The Persian word for "love" is spelled out in Swarovski crystals and glitter, with a small footnote from the artist: "A picture is worth a thousand words and a word a thousand pictures." The estimate wasn't high enough.
When the acrylic painting on canvas sold at Bonhams in Dubai two years ago for a historic $1,048,000, the Iranian creator Farhad Moshiri became the first artist from the region to break the $1 million price barrier at auction.
It was a breakthrough moment -- not just for Moshiri -- but for Iranian art, which for the last few years has been going through what experts say is a "golden age." Largely attributed to the stabilization of the Dubai art market and strong ties between the United Arab Emirates and Iran, the boom is also being fuelled by a younger generation of artists attempting to push the boundaries of freedom of expression.
Lebanese-Iranian Rose Issa, a gallery owner and art dealer, has spent the last 30 years championing artists from Iran and the Arab world. These days, she says, there's "a real buzz" in Tehran.
The mass demonstrations that broke out following the disputed reelection of Mahmud Ahmadinejad last June are related to a growing demand for self-expression among Iranians, Issa says. She says it is no coincidence that since the protests, "many new galleries have opened" in Tehran, calling them "even trendier" and "more luxurious" than before. These galleries, she says, have started publishing catalogues, something she hasn't seen "for decades."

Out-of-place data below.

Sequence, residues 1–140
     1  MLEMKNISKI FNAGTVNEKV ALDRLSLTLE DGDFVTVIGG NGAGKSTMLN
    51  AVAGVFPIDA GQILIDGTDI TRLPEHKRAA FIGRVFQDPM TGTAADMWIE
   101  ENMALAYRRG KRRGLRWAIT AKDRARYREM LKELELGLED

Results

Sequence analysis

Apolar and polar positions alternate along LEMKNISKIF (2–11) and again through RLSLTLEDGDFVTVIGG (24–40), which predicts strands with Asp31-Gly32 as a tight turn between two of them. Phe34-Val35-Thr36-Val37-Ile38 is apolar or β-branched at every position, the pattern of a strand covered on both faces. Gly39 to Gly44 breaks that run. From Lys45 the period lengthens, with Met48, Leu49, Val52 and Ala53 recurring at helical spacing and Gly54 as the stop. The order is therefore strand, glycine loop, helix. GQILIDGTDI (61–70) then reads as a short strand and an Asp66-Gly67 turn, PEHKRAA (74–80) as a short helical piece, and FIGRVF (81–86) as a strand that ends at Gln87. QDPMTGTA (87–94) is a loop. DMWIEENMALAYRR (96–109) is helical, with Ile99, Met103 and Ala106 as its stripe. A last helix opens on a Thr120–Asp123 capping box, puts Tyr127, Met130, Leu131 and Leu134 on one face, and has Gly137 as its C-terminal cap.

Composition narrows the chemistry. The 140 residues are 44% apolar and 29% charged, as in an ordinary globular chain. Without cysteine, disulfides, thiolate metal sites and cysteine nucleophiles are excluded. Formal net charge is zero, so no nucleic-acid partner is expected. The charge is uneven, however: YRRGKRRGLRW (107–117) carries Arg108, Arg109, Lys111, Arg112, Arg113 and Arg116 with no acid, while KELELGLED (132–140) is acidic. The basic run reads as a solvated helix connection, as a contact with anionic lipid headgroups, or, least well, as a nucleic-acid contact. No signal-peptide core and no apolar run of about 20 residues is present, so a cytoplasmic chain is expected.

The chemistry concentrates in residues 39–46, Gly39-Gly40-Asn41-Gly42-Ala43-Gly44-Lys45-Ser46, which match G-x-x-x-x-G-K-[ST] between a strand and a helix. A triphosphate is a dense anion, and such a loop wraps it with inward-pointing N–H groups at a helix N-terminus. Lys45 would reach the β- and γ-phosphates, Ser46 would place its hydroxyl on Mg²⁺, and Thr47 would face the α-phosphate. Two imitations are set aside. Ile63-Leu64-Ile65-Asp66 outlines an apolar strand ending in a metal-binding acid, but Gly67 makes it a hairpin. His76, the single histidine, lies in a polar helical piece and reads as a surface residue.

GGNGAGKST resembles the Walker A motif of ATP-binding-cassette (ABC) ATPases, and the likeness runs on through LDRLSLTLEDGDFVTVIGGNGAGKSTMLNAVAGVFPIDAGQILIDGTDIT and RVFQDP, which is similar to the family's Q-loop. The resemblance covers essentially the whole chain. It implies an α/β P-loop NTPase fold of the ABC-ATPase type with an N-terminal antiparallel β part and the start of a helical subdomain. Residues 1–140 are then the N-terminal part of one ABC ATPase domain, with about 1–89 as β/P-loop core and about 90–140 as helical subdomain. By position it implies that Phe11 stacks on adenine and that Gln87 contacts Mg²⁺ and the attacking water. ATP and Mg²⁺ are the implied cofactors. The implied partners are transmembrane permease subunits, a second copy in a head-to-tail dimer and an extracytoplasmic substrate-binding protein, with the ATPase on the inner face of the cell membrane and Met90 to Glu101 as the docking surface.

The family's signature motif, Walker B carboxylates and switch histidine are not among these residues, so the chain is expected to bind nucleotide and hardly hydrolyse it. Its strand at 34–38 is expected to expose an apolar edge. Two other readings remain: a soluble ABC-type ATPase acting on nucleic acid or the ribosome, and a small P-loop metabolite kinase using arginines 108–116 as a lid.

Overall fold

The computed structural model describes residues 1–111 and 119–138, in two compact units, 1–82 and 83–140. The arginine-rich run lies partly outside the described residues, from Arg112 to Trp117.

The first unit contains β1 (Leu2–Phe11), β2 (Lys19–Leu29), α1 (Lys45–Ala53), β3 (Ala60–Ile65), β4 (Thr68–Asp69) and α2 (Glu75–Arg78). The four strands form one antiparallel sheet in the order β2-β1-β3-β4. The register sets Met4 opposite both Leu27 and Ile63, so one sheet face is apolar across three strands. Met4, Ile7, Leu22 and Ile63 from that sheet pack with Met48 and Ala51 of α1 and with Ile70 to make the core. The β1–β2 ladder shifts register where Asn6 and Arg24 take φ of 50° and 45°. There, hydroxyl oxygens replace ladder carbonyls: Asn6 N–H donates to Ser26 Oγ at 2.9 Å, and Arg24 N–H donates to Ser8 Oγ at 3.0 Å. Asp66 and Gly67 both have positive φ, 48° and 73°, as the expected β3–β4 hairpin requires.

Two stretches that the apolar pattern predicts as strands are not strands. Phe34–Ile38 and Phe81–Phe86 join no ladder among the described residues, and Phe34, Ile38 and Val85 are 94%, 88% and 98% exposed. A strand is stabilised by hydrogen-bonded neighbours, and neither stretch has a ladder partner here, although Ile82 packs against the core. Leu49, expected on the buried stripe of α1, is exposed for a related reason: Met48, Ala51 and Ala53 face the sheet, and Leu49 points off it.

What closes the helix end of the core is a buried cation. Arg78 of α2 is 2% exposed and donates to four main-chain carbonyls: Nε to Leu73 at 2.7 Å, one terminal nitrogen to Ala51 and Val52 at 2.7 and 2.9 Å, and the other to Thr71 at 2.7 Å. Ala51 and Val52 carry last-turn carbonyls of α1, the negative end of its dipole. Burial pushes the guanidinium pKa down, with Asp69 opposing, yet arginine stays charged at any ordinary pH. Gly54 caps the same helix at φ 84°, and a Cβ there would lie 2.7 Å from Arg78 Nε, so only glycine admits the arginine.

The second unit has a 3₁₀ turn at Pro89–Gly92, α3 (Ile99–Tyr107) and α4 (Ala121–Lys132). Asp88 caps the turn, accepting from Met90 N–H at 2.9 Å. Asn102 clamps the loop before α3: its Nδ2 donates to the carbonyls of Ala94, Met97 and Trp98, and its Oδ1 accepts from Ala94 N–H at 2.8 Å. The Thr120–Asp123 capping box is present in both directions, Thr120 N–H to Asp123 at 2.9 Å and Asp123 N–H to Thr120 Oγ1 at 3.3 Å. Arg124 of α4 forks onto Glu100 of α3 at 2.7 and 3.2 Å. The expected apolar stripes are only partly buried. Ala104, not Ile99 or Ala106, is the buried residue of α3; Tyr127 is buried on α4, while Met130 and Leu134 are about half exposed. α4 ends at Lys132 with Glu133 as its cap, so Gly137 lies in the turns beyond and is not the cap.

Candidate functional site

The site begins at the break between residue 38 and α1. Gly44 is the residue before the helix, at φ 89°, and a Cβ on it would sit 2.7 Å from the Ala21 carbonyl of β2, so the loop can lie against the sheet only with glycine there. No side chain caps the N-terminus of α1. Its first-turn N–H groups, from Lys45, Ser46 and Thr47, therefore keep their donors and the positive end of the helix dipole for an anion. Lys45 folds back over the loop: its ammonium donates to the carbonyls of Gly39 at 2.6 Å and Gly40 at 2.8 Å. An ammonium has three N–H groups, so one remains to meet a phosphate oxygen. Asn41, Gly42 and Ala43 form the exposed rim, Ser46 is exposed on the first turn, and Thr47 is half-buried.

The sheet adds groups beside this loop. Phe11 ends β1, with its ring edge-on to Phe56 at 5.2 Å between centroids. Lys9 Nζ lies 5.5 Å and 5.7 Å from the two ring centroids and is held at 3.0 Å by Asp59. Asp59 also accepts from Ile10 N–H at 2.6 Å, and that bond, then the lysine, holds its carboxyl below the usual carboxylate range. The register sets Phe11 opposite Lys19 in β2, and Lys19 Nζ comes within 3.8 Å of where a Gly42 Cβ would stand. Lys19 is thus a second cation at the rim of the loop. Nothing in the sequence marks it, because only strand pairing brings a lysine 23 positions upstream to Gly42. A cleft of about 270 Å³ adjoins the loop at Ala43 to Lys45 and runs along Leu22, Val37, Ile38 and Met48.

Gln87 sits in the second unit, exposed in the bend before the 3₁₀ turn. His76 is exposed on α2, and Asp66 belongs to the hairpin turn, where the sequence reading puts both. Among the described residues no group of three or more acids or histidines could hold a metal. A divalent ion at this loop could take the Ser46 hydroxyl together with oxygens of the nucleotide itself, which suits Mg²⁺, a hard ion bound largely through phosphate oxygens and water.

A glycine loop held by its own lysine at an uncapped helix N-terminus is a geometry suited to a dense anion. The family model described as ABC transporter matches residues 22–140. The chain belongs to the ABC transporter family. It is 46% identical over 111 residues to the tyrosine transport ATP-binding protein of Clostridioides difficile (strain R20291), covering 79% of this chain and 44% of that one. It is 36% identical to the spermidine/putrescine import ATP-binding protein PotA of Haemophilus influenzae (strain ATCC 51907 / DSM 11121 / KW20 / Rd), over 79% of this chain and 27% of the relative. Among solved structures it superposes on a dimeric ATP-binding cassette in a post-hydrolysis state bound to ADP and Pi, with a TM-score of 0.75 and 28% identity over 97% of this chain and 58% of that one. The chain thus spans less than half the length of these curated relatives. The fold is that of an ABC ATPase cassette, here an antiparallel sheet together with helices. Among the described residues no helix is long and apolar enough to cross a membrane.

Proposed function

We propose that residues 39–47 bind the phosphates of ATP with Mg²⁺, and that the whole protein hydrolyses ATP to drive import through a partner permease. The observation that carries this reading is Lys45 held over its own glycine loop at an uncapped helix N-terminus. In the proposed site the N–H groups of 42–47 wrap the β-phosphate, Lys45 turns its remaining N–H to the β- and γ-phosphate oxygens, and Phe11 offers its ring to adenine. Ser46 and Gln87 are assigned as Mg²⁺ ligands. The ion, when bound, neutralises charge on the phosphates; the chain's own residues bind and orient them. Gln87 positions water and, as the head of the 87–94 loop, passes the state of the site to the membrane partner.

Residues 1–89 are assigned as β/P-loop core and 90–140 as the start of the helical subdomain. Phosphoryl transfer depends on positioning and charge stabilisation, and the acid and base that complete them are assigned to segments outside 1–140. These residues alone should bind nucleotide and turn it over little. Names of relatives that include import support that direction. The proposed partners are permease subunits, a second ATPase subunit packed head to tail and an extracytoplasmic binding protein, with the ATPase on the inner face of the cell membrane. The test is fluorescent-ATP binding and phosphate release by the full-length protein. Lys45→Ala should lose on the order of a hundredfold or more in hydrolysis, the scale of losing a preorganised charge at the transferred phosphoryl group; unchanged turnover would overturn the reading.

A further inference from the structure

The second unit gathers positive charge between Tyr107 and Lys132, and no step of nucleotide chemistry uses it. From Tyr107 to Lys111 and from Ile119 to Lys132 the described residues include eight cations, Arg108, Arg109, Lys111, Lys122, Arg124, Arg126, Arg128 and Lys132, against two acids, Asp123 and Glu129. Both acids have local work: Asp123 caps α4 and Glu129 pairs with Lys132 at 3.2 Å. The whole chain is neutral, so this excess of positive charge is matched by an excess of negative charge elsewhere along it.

Sales of Arab and Iranian art in Dubai increased from $2 million in 2006 to $35.7 million in 2008. Iranian artists now represent 74 percent of sales of artwork in Christie's Modern and Contemporary Arab and Iranian auctions and 64 percent of sales at Bonhams.
Edward Lucie-Smith, a curator of Middle Eastern art (in which category Iran is often mistakenly placed), writes in an e-mail interview that currently Iran boasts "more artists, bigger talents, many [of them] still firmly rooted in Tehran despite the current political situation."
Dubai's high prices for contemporary Iranian art "obviously find an echo in Europe," Lucie-Smith writes, "not least because collectors feel that there is now an established market if they need to sell," but also because "Iran has the richest contemporary visual-arts culture in the region."
Forty-six new galleries have opened in Iran over the last two years -- 26 of them in Tehran, says Mahmud Shaloie, the director of the office of visual arts for the Ministry of Culture and Islamic Guidance. There are about 300 art galleries in all of Iran.